Yes, he’s also restored the boat sinking event to Oliver’s origin. Gone, apparently, is the Apollo oil rig that his father set him up on, the attack by Iron Eagle, and the deaths of dozens, including his girlfriend Leena, at Oliver’s own hand. Which is all fine, I suppose, but it begs the question as to what else is still in play. Is burnt-but-alive then rescued-by-nuns Tommy Merlyn still in play? And are we going to get another origin of “How Ollie Met Roy”? 

Speaking of Roy, Percy also reaffirmed Roy’s heroin addiction. This isn’t so much a retcon, as I don’t think we’ve had anything to contradict it, but post-Flashpoint continuity has thus far only mentioned his alcoholism. But not only is it now canon, but its public knowledge (to the hero community at least). Or maybe Dinah just had Babs dig up all the dirt she could on Green Arrow before heading to Seattle? 

And we all caught the “Wild Dog Militia” comment, right? Likely a hint of story arcs to come, presumably involving Jack Wheeler? 

I’m trying not to read too much in to Black Canary introducing herself as Dinah Lance instead of Dinah Drake. It’s an interesting choice coming off her “D.D.” stage persona, and I’m curious if it will factor in to either this story or something coming up in Batgirl and the Birds of Prey (where I don’t think she’s referred to herself in the first person yet, but both flashback-Barbara’s computer and Huntress’ assumed Spyral files show her as Dinah Lance).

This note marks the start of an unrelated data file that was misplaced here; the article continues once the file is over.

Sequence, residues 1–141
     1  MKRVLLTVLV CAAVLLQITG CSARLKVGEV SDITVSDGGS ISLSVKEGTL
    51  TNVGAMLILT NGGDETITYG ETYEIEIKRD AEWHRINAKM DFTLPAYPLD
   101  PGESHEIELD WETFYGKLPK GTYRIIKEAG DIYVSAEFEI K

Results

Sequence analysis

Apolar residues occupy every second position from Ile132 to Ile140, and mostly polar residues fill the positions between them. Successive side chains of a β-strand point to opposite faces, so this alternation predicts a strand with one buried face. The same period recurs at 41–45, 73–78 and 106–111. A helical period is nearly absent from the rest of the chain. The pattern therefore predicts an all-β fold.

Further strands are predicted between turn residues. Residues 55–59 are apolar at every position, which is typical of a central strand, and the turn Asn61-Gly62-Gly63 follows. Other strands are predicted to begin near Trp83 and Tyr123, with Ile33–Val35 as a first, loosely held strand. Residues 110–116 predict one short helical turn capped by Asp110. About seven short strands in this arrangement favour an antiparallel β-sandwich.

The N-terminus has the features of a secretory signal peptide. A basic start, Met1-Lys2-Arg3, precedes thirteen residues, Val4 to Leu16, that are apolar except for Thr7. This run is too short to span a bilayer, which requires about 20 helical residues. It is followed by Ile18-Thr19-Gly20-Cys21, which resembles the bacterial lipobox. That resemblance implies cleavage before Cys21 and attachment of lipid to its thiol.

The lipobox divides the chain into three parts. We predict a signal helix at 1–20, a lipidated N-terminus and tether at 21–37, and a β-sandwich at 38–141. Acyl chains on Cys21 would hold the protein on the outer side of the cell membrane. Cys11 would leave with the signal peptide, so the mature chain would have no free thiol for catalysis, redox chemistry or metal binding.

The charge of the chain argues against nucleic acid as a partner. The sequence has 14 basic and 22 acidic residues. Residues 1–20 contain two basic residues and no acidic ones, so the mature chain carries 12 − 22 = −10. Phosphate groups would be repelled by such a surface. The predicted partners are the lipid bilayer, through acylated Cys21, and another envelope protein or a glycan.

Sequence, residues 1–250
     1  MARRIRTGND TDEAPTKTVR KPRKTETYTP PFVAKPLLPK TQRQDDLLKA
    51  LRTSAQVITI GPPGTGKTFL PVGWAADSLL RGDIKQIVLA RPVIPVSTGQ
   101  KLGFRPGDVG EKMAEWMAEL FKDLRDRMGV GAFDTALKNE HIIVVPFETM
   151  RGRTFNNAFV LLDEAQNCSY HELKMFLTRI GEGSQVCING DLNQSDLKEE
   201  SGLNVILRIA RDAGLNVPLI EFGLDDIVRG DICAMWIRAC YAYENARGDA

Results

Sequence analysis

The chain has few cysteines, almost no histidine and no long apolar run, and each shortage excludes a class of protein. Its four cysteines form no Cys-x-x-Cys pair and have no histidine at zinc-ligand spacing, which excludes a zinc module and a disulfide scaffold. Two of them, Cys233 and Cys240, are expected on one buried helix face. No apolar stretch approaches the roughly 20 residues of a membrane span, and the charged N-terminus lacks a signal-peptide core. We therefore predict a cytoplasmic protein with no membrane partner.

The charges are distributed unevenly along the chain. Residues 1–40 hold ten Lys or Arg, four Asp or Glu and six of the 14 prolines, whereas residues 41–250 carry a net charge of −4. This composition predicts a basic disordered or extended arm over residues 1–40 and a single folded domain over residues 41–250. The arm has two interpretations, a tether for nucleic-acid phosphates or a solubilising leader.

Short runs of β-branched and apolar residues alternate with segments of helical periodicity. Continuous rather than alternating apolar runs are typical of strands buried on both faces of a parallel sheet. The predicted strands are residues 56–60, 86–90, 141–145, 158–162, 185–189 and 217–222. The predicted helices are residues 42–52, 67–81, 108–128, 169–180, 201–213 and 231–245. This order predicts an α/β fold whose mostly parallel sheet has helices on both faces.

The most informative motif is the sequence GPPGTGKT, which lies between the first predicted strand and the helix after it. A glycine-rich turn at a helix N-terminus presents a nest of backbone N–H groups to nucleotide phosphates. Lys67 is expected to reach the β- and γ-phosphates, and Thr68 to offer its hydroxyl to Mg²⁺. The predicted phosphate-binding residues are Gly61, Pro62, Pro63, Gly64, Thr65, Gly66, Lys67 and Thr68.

Honestly, my only real beef with these opening issues -- aside from Emiko’s apparent age versus chronology -- is that when Oliver was giving Dinah a tour of his philanthropic efforts around the city we didn’t get to see the Moira Queen House for Homeless Youth. Seems like a lost opportunity that would have worked perfectly in that scene.

*** Just reading and writing and rambling in the back of the Joker's old Ho-Home-On-Wheels... Keath.

GREEN ARROW #1 & #2 GREEN ARROW #1 & #2 Reviewed by David Andrews on July 25, 2016 Rating: 5